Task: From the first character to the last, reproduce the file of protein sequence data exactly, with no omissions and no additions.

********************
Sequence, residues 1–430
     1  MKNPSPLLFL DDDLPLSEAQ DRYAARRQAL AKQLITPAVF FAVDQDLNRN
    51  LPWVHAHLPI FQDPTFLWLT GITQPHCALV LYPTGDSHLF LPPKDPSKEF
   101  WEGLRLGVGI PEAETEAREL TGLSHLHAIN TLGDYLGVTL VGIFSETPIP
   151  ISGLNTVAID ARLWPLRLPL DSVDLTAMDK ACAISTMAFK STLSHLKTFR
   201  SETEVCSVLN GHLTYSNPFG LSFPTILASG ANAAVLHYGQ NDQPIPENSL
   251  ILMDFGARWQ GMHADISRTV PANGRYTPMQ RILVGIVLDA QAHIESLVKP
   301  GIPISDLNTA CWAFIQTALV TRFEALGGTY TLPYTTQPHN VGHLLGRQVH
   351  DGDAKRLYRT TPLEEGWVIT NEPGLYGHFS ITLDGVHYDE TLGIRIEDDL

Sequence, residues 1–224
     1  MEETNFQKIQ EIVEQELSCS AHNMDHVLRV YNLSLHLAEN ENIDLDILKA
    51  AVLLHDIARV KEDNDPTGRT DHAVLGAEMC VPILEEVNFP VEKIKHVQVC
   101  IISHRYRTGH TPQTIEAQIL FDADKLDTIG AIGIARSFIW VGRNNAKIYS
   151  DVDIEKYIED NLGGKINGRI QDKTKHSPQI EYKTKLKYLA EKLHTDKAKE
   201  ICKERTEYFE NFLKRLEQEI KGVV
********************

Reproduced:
Sequence, residues 1–430
     1  MKNPSPLLFL DDDLPLSEAQ DRYAARRQAL AKQLITPAVF FAVDQDLNRN
    51  LPWVHAHLPI FQDPTFLWLT GITQPHCALV LYPTGDSHLF LPPKDPSKEF
   101  WEGLRLGVGI PEAETEAREL TGLSHLHAIN TLGDYLGVTL VGIFSETPIP
   151  ISGLNTVAID ARLWPLRLPL DSVDLTAMDK ACAISTMAFK STLSHLKTFR
   201  SETEVCSVLN GHLTYSNPFG LSFPTILASG ANAAVLHYGQ NDQPIPENSL
   251  ILMDFGARWQ GMHADISRTV PANGRYTPMQ RILVGIVLDA QAHIESLVKP
   301  GIPISDLNTA CWAFIQTALV TRFEALGGTY TLPYTTQPHN VGHLLGRQVH
   351  DGDAKRLYRT TPLEEGWVIT NEPGLYGHFS ITLDGVHYDE TLGIRIEDDL

Sequence, residues 1–224
     1  MEETNFQKIQ EIVEQELSCS AHNMDHVLRV YNLSLHLAEN ENIDLDILKA
    51  AVLLHDIARV KEDNDPTGRT DHAVLGAEMC VPILEEVNFP VEKIKHVQVC
   101  IISHRYRTGH TPQTIEAQIL FDADKLDTIG AIGIARSFIW VGRNNAKIYS
   151  DVDIEKYIED NLGGKINGRI QDKTKHSPQI EYKTKLKYLA EKLHTDKAKE
   201  ICKERTEYFE NFLKRLEQEI KGVV